A Saviour Who Will Save

Thursday, January 2, 2020

“…Jesus Christ of Nazareth… Neither is there salvation in any other: for there is none other name under heaven given among men, whereby we must be saved” (Acts 4:10,12 KJV).

Today’s Scripture tells us who alone can save man from the everlasting hellfire he deserves!

A frequent objection made against Christianity is that every religion has “good” members, and to ignore them and limit heaven to a few Christians is unfair. This is a defected notion. How does one arrive at a definite conclusion when there is no one standard to gauge everyone’s “goodness?” They are “good” according to whom, according to what standard? Remember, relative morality actually does not help the sinner—he may be a “better” sinner than another, but he is also a “worse” sinner than yet another, and whether “better” or “worse,” he is still a sinner!

The God of the Bible has a simple method for determining righteousness. Today, He sees two types of people—saints and lost people. While both groups were born in sins (Ephesians 2:1-3), “shapen in iniquity [in the womb]” (Psalm 51:5), and “condemned already” (John 3:18), only the saints have come to realize their lost state. Job asked in Job 9:2, “How should a man be just [righteous, acceptable] with God?” Saints have come to the acknowledgement that they needed God’s righteousness, that they had a massive sin debt that they could never satisfy, that their “righteousnesses are as filthy rags” (Isaiah 64:6), that they could never possibly make themselves right before a holy God (He is the standard; Romans 3:23). The lost people, however, do not realize they are lost, for they believe their religious works “score points” with God and make up for their sinful deeds (2 Corinthians 4:3,4). They ignore the finished crosswork of Jesus Christ as sufficient payment for their sins (1 Corinthians 15:3,4).

Saints have come by faith to Jesus Christ, whose name literally means, “Anointed Saviour” (cf. Psalm 2:2; Matthew 1:21). As the writer of the book of Hebrews said, “[Jesus] is able also to save them to the uttermost that come unto God by him” (7:25). Literally, no world religion has such a “Saviour” as Jesus Christ!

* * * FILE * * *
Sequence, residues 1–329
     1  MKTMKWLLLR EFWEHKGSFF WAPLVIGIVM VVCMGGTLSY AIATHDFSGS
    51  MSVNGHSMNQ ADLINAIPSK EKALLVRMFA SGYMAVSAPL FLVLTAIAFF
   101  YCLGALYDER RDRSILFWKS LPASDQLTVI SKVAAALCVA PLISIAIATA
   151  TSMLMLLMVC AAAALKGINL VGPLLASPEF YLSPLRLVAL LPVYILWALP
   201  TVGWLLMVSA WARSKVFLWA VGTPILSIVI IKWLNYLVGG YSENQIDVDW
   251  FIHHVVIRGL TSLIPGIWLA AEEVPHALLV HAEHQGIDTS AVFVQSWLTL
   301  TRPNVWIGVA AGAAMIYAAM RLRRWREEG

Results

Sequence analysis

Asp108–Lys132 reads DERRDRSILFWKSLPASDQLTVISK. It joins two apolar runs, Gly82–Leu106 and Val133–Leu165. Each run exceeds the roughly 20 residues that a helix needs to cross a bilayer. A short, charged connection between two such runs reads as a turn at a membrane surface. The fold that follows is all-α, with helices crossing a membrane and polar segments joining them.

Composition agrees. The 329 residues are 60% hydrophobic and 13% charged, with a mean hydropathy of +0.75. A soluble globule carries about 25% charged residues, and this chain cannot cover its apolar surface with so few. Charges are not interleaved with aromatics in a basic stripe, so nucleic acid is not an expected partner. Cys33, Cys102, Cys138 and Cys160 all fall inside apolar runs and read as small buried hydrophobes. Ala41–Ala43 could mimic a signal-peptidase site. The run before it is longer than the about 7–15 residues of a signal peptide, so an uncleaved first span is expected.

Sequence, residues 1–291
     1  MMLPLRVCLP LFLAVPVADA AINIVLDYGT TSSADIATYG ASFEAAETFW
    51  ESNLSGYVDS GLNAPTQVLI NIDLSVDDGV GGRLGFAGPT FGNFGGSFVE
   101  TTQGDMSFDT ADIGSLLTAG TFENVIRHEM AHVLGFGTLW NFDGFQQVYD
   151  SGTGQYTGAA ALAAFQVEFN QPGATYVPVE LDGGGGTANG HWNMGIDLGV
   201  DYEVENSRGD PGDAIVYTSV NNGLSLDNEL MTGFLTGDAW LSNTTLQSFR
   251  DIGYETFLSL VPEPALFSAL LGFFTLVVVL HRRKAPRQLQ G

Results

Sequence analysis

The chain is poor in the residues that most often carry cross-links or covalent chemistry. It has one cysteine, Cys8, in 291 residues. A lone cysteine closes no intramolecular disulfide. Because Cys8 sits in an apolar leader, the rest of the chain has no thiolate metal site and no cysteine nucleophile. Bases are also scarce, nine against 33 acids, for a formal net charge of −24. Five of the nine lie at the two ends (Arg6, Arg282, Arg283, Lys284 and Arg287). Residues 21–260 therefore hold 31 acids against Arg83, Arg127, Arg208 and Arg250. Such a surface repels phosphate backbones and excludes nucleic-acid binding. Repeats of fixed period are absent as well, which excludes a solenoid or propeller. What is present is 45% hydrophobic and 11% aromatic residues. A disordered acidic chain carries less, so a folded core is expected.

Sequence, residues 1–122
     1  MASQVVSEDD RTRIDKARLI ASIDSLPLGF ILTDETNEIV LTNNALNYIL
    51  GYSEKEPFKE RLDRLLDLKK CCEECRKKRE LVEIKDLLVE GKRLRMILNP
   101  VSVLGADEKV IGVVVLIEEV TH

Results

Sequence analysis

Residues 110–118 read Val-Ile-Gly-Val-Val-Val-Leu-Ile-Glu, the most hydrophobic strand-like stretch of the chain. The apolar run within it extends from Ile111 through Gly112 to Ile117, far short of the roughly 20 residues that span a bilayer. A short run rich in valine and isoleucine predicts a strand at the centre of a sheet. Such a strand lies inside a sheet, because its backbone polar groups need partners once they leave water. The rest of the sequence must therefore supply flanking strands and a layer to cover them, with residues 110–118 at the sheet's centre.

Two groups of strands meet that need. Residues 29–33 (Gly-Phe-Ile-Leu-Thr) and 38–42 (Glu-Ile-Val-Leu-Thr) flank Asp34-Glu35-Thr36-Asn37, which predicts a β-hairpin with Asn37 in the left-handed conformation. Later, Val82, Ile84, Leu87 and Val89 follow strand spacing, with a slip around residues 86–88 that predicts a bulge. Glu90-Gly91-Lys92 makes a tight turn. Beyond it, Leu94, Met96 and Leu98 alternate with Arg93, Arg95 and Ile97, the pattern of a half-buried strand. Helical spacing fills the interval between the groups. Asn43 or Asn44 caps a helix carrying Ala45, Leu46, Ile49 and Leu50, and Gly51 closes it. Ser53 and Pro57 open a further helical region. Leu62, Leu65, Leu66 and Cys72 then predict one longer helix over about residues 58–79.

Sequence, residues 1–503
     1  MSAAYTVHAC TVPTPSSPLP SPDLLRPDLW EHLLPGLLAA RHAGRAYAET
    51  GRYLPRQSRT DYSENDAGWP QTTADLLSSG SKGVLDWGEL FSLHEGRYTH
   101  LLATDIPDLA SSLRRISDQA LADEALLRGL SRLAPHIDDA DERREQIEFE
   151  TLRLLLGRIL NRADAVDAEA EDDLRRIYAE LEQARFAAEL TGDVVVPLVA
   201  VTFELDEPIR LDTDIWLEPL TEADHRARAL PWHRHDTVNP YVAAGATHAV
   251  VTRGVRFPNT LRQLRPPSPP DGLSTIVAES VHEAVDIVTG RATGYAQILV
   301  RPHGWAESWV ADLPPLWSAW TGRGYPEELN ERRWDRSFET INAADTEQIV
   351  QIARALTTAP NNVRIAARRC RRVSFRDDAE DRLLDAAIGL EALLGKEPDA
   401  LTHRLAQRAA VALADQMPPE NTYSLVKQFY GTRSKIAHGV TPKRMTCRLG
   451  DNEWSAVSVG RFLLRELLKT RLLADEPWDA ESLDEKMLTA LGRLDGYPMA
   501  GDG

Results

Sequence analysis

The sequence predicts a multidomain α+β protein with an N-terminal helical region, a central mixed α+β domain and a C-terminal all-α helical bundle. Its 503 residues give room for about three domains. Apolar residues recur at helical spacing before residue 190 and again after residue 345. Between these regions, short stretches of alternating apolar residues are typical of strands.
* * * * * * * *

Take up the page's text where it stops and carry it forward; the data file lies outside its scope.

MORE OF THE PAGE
The Word Was Made Flesh

Wednesday, December 25, 2019

“In the beginning was the Word, and the Word was with God, and the Word was God. And the Word was made flesh, and dwelt among us…” (John 1:1,14 KJV).

On this Christmas Day, we reflect on the incarnation of Jesus Christ.

The candidate who could solve man’s sin problem had to meet two requirements. He had to be God, and He had to be man—a “God-Man.” It had to be God, because God’s righteousness had to be satisfied, but it also had to be man, for it was man who had sinned. God’s righteousness was offended, since “all have sinned, and come short of the glory of God” (Romans 3:23). But, it was also a man who had sinned, “As by one man sin entered into the world, and death by sin; and so death passed upon all men, for that all have sinned” (Romans 5:12).

Consider Philippians 2:5-8: “Christ Jesus: who, being in the form of God, thought it not robbery to be equal with God: but made himself of no reputation, and took upon him the form of a servant, and was made in the likeness of men: and being found in fashion as a man, he humbled himself, and became obedient unto death, even the death of the cross.” In short, heaven’s best—Jesus Christ—came to save earth’s worst—us! In summary, Jesus Christ was born to die for us.

Brethren, the salvation that we enjoy today in Christ could not be possible without the shed blood of Christ on Calvary’s cross, and the shed blood of Christ could not be possible without the incarnation of Christ! God is a Spirit (John 4:24), and in order for Him to shed sinless blood, He had to first have blood. Thus, it behooved Jesus Christ to take upon Himself the form of a man. It was at this time of year that God the Son entered the virgin Mary’s womb, possessing a body that was conceived by the Holy Ghost.